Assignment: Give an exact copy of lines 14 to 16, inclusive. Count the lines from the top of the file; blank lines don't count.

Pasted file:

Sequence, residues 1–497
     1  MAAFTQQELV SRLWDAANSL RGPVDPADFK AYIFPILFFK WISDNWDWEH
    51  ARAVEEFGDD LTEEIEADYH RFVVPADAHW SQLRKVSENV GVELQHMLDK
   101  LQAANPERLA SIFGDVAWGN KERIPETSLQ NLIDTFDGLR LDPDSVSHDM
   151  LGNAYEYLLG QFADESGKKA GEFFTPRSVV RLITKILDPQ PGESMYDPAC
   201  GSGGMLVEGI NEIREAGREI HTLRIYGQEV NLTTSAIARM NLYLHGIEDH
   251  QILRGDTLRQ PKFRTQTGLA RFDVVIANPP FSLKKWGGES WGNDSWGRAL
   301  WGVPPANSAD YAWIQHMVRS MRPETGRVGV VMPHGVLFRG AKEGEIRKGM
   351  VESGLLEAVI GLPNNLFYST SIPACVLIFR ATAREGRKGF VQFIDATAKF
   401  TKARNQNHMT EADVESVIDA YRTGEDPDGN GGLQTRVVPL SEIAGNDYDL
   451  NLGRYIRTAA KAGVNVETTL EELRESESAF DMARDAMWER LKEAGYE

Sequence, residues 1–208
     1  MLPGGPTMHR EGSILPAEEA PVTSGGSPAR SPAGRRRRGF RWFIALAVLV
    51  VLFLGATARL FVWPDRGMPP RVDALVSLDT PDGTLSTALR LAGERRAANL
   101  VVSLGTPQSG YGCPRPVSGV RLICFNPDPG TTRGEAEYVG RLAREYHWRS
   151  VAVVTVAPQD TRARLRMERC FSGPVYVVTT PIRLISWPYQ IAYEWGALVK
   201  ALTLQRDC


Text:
    51  VLFLGATARL FVWPDRGMPP RVDALVSLDT PDGTLSTALR LAGERRAANL
   101  VVSLGTPQSG YGCPRPVSGV RLICFNPDPG TTRGEAEYVG RLAREYHWRS
   151  VAVVTVAPQD TRARLRMERC FSGPVYVVTT PIRLISWPYQ IAYEWGALVK